Teen's truck décor sparks Confederate flag controversy in high school parking lot

by: Jason Stoogenke Updated:

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ROCKINGHAM, N.C. —

When Trey Gainey drove his pickup truck to school Monday morning, he didn’t expect to be met in the parking lot by school officials telling him to remove a Confederate flag flying from his antenna.

The Richmond Senior High School junior said he flies the flag every weekend, and decided to leave the flag on his truck on his last day of classes before finals start.

Gainey has a belt buckle that says “Redneck” and a horn that plays “Dixie,” so there is no mistaking how the teen identifies himself.

“It’s just my Southern heritage, you know. I was born and raised down here and [it] wasn’t nothing racist, just me,” he said.

But when he drove into the school’s parking lot, school officials made him take it down.

“I’m like, ‘What have I done wrong?’ you know,” Gainey said.

So, the teen told the school officials he would not remove the flag.

When administrators threatened to have his truck towed off school property, Gainey got behind the wheel of his truck and locked the doors.

“I said, ‘If you’re towing my truck, you’re towing me with it,’” he recalled.

Eventually, Gainey’s mother came to the school and took the flag down for him.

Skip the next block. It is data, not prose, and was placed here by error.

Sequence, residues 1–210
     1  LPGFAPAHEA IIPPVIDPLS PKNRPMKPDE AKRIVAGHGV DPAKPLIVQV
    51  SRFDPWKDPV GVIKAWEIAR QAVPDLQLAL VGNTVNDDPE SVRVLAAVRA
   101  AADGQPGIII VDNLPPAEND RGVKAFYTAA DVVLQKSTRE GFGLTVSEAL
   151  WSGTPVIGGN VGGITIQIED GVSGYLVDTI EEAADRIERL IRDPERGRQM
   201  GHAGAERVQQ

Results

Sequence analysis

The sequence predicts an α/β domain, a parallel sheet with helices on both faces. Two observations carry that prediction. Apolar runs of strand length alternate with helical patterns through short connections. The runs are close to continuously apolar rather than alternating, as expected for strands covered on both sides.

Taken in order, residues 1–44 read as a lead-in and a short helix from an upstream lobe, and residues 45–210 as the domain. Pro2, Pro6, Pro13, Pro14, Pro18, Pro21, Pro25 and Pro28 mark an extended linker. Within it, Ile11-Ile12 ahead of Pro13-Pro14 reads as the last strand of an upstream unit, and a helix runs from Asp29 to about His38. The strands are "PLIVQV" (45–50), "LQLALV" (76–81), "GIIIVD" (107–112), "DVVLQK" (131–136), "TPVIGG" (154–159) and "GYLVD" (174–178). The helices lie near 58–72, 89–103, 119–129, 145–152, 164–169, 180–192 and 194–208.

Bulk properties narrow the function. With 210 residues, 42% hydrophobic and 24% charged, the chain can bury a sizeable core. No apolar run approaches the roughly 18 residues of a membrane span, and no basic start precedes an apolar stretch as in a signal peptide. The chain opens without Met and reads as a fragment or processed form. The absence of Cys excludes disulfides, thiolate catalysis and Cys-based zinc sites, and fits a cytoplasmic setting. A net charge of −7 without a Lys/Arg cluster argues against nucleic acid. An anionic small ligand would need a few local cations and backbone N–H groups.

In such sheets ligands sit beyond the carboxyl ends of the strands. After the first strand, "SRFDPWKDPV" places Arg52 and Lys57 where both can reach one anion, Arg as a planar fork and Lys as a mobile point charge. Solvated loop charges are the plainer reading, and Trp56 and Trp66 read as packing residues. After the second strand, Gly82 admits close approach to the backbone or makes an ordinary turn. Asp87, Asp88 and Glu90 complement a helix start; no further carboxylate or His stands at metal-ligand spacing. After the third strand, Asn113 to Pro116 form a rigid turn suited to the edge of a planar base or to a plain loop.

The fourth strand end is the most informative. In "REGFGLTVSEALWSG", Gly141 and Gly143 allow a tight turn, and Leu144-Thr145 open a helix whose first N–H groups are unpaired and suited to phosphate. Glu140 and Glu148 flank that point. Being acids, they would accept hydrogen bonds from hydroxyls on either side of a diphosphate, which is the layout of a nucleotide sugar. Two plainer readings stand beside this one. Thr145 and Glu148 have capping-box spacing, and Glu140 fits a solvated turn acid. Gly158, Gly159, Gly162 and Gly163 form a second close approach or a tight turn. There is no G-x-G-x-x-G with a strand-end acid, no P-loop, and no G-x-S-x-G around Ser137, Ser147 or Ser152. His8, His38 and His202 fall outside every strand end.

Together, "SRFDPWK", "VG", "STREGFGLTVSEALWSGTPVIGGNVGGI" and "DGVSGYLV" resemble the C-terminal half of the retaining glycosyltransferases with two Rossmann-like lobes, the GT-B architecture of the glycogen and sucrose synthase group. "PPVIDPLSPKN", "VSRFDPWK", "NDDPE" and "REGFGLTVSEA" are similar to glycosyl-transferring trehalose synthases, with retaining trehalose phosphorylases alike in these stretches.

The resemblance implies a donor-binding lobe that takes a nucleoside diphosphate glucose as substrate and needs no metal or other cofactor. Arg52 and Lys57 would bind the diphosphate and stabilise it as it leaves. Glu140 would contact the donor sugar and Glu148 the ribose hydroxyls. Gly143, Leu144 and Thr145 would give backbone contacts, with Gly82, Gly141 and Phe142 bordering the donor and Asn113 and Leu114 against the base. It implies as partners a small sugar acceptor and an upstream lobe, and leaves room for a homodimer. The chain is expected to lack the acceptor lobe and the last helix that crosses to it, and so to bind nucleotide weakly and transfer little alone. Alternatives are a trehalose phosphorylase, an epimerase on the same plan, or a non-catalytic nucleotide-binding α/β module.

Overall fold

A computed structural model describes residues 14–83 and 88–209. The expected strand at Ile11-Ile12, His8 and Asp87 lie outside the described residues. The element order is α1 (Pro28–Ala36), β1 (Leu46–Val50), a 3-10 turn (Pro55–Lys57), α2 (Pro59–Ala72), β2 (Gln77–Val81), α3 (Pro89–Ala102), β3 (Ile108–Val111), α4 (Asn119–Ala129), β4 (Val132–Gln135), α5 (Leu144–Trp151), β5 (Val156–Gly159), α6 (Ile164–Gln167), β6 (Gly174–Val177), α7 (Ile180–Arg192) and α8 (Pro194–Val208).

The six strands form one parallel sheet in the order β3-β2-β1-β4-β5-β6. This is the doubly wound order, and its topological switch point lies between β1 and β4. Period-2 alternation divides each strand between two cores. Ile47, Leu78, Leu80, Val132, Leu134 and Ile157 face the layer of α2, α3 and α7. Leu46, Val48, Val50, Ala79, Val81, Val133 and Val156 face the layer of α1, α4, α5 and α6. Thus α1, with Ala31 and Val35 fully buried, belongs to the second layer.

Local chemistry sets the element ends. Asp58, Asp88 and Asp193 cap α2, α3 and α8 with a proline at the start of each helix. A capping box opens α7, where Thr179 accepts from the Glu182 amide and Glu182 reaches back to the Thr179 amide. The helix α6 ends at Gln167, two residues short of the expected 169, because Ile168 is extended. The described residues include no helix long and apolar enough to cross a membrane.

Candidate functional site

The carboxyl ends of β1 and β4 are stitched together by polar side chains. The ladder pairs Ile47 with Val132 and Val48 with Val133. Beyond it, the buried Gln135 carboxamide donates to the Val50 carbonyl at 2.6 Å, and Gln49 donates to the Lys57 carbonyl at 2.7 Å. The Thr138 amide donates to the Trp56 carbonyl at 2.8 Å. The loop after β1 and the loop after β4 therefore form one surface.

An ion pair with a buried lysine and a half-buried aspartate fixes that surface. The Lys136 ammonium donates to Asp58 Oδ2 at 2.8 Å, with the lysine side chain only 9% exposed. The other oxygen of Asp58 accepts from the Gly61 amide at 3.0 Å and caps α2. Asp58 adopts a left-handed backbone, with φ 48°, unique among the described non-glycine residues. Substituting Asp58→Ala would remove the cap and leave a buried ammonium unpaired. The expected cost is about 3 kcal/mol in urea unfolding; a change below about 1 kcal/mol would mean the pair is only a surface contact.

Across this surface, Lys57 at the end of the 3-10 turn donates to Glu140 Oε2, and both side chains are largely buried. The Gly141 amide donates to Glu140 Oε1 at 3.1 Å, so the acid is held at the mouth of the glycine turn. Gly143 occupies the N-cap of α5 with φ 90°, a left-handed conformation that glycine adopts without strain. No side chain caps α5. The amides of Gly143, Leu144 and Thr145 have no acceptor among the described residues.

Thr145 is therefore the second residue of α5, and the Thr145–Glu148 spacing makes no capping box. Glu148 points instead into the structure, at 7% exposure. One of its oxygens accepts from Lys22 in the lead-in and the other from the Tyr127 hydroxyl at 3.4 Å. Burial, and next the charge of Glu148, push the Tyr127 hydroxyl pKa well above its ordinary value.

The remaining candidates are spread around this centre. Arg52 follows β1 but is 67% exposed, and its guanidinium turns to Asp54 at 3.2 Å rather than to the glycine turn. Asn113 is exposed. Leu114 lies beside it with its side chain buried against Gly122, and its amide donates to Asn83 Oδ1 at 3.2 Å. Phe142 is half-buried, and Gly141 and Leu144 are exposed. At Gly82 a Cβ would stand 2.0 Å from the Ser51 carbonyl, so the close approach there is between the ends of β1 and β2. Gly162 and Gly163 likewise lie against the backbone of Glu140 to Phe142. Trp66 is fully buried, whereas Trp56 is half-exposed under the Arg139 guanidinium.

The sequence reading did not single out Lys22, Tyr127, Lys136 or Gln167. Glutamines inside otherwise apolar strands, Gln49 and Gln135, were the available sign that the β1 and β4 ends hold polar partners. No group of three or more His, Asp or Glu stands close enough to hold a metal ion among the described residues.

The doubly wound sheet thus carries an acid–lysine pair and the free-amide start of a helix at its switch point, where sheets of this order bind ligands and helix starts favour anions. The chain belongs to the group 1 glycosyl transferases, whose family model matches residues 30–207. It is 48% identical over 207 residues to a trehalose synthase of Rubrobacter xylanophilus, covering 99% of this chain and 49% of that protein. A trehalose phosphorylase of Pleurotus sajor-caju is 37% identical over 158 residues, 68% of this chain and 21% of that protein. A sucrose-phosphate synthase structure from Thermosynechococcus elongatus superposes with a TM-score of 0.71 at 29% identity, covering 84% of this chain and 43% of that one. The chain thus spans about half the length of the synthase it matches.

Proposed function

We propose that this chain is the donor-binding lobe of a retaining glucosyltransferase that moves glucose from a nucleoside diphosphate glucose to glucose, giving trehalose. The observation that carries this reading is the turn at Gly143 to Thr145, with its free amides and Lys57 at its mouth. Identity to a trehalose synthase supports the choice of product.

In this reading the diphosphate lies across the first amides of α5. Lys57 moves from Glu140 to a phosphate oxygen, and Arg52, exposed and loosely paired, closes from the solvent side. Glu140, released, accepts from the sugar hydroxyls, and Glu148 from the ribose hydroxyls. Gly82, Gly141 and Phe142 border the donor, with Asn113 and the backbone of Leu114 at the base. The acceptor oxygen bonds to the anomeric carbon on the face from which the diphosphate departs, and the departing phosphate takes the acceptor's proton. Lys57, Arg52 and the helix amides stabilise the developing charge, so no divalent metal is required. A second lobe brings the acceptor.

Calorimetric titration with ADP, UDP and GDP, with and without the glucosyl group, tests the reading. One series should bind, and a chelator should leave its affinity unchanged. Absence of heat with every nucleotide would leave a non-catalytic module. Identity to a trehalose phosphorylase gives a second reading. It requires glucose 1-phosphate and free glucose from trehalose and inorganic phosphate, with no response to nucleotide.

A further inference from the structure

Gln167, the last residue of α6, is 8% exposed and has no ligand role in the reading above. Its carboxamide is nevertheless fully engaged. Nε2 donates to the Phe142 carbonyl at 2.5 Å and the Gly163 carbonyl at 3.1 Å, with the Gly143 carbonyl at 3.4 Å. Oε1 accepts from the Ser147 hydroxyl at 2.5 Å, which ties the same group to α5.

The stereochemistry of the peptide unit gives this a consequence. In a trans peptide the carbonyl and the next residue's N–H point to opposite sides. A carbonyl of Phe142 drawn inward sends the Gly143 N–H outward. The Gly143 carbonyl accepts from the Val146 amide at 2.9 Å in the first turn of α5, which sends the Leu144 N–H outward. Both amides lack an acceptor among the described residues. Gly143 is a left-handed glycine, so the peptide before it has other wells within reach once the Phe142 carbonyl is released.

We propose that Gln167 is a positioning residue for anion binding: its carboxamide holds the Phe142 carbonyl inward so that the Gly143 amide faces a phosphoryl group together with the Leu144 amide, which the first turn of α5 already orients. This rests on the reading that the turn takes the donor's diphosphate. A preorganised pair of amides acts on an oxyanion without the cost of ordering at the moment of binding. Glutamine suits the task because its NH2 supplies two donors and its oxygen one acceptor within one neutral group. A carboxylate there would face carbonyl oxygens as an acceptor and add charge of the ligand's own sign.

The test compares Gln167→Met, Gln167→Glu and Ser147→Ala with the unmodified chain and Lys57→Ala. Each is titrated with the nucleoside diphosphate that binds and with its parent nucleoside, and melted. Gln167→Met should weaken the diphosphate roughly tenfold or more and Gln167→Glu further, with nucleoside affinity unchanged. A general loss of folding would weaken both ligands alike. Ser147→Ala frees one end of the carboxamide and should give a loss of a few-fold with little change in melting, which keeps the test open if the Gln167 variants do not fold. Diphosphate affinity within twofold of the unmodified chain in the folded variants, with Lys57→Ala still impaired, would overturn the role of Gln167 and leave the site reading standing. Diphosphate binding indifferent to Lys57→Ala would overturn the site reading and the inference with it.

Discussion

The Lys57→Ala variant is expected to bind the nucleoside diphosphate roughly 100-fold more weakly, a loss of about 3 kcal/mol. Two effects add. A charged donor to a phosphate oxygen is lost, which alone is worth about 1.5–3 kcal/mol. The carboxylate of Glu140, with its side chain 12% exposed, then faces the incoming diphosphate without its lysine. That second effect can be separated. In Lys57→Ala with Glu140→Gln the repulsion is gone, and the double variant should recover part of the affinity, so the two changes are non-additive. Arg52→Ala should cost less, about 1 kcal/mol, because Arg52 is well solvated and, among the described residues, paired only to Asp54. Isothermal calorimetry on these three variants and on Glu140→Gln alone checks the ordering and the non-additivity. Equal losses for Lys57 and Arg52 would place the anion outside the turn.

In an email statement, his father said he thought the school went too far.

“Personally, as a parent, I am against the flying of the Confederate flag other than at an individual’s home. However, I believe my son’s rights were violated,” he wrote.

The Richmond County School District Superintendent George Norris said the district supports free speech and expression, but added the Confederate flag can cause disruptive violence or incite violence.

He said the school district’s first concern is keeping students safe, which could be a problem if someone gets angry about seeing the flag on school property and tries to do something about it.

But Gainey still argues that he did nothing wrong or out of hate.

“I don’t dislike this color or that color,” Gainey said.

Gainey said he could get into more trouble if he flies the flag to school again, so he has opted to leave it off his truck’s antenna until the weekend.